World War II: A Military and Social History : The Great Courses: Modern History

  • by The Great Courses
  • Narrated by Professor Thomas Childers
  • Series: The Great Courses: Modern History
  • 15 hrs and 6 mins
  • Lecture

Publisher's Summary

Between 1937 and 1945, approximately 55 million people perished in the series of interrelated conflicts known as the Second World War. No continent was left untouched, no ocean unaffected. The war led to the eclipse of Europe and the emergence of the United States and the Soviet Union as global superpowers; ushered in the atomic age; produced, in the Holocaust, the most horrific crime ever committed in the history of Western civilization, and led to the end of Europe's colonial empires around the world. But though World War II defined an entire epoch in human history, pressing questions remain - about whether Hitler could have been stopped earlier, about Pearl Harbor, about saving more people from the Holocaust, about using the atomic bomb, and even about how close the Allies came to actually losing.
This engaging series of 30 lectures is rich in detail and near-cinematic portraits of leaders and events. It explores not only the origins of the war, including the impact of the Treaty of Versailles, but also how it unfolded on both battlefront and the American home front, with focused looks at key subjects like Nazism and the Holocaust and the philosophy of strategic bombing and its impact on the future nature of warfare.


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Customer Reviews

Most Helpful

Misleading title, but a good course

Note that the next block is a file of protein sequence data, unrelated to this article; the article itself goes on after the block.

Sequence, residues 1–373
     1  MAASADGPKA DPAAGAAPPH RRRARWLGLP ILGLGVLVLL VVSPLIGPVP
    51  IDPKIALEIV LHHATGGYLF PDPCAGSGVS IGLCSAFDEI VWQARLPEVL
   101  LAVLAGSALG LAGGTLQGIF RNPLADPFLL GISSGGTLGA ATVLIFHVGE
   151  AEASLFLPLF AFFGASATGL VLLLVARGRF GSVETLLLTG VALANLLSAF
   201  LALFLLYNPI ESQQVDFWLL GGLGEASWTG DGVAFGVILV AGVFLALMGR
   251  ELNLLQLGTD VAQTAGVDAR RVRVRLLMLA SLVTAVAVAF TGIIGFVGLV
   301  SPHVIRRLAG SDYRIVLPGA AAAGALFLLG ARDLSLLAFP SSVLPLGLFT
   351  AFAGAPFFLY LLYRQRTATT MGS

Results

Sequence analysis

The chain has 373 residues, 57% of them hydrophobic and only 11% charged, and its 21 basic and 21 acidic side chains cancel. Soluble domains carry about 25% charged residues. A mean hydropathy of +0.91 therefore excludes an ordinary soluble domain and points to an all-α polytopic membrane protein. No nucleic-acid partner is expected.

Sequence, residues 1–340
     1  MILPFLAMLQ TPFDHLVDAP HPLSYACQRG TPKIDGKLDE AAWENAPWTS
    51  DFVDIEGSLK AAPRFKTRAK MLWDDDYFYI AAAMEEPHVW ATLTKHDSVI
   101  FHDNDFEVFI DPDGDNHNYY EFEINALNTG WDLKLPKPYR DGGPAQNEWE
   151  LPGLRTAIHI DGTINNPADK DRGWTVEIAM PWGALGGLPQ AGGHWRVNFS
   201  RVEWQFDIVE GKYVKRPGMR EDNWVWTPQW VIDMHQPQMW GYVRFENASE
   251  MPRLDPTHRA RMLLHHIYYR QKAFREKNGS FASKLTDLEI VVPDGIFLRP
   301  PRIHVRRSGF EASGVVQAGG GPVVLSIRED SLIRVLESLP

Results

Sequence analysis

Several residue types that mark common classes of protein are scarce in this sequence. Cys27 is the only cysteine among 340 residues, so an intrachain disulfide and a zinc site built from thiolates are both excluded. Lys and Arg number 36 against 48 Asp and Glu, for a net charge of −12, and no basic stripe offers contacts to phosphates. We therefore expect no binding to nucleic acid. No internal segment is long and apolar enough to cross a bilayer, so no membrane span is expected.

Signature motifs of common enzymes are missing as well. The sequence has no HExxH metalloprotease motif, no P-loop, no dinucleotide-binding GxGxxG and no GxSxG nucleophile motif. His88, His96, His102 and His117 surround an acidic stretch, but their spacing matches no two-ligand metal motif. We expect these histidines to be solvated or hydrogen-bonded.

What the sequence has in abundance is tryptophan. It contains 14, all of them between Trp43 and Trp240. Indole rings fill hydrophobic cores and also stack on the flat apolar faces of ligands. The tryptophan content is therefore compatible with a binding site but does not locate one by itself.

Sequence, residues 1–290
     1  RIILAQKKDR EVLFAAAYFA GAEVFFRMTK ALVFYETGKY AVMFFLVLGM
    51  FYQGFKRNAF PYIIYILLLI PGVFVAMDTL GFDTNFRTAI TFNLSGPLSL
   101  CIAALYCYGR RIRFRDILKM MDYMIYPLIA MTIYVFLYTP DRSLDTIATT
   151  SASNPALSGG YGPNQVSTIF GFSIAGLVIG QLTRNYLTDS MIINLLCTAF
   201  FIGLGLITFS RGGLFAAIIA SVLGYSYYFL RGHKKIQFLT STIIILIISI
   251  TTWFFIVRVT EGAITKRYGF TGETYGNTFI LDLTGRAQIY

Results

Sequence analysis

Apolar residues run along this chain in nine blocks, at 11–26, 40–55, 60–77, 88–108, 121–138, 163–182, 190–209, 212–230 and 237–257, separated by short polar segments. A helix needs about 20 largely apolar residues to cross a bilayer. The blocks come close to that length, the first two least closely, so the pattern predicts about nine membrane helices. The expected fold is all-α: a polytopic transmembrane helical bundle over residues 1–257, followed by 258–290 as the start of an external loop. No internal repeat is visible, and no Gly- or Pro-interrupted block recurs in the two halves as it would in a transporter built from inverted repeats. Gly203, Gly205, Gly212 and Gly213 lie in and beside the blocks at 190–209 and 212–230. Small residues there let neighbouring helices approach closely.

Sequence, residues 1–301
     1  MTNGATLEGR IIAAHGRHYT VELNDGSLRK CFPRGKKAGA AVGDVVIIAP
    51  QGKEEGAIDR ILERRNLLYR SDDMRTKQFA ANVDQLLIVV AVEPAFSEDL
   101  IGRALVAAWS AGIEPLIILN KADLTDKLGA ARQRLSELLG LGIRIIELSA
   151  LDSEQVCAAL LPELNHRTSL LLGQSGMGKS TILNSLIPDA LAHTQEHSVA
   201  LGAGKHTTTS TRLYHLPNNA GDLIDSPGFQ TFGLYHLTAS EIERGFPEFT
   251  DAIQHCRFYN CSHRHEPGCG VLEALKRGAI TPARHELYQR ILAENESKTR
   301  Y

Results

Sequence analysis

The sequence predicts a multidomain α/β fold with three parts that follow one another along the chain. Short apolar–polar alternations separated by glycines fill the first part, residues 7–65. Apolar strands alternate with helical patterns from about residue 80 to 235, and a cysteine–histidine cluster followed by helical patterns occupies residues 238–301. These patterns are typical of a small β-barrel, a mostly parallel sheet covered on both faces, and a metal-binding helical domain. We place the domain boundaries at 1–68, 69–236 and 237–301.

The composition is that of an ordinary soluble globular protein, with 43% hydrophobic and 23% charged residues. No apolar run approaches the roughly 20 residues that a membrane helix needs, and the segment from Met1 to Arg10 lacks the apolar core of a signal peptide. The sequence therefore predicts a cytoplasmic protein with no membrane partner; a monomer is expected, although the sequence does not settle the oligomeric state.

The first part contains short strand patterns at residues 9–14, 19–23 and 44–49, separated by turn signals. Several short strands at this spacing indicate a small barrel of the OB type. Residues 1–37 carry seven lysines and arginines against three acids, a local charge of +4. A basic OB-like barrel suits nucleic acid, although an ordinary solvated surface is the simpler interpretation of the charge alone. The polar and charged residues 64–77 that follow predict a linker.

The course is interesting and well performed. However, the title is misleading. It should read something along the lines of "The role of USA in the second world war". It focuses almost exclusivly on the US and primarely on the Pacific front of the war against Japan.

So if you are looking to understand how the US got involved and how the war was fought by american forces; this is a good course. However, if you want to get a broader understanding of the war besides the american perspective, you have to look elsewhere.

To sum up, it is a good course that focuses on a small part of the second world war. If this is the only course you are going to read about the war, you will miss the big picture. But if you have read a bit of other litterature that explains other parts of the war, this course will work well to understand the role of the US.
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- O. D. S

Gripping. Simply Gripping

I've listened to several of The Great Courses offerings, and by far my favorites are those on history. Done well, and most of them are, it's a lot like listening to someone read you an epic novel. In this case, it's the story of the single most important event in human history - WWII. Childers delivers the scenes and the names we know, but also fills out with lesser known facts and weaves them into a narrative that covers both theaters, European and Pacific. That he does so in a rather matter-of-fact voice only serves to underscore the drama.

There are quotes from the names you know, and snatches of personal letters from people you've never heard of. You get the background information, the cultural factors that lead into the start of the war. You get all the numbers and dates that so bored you back in high school, but in a context that makes them anything but boring. You learn of the Allied triumps and the heartbreaks. You learn that some of the most pivotal moments were combinations of mistakes on both sides, and plain luck, both good and bad. You'll hear about the Miracle of Midway, the heroic bloody battles fought in Russia, the incredible feat of the Army Rangers in climbing Pointe du Hoc under enemy fire, the Bataan death march, and more.

And in the end, you'll know why it was The Greatest Generation.
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- Christina

Book Details

  • Release Date: 07-08-2013
  • Publisher: The Great Courses